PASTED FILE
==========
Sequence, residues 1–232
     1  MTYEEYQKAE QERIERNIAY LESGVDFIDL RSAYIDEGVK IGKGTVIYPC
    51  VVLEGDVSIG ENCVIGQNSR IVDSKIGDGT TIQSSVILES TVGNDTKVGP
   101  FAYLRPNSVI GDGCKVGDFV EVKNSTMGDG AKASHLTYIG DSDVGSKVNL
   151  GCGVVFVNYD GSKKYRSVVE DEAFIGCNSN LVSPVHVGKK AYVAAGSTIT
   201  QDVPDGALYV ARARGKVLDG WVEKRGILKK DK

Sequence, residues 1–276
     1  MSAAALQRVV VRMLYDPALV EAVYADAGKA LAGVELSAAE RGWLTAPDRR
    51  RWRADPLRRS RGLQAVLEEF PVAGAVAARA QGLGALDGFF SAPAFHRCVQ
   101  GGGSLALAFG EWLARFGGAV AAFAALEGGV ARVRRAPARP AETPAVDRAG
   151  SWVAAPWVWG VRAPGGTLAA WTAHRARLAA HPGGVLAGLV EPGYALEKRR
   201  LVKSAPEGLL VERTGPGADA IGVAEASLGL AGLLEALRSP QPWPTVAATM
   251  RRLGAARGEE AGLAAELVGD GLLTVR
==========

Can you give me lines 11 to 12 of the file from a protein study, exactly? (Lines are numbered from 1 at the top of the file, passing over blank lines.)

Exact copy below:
   151  SWVAAPWVWG VRAPGGTLAA WTAHRARLAA HPGGVLAGLV EPGYALEKRR
   201  LVKSAPEGLL VERTGPGADA IGVAEASLGL AGLLEALRSP QPWPTVAATM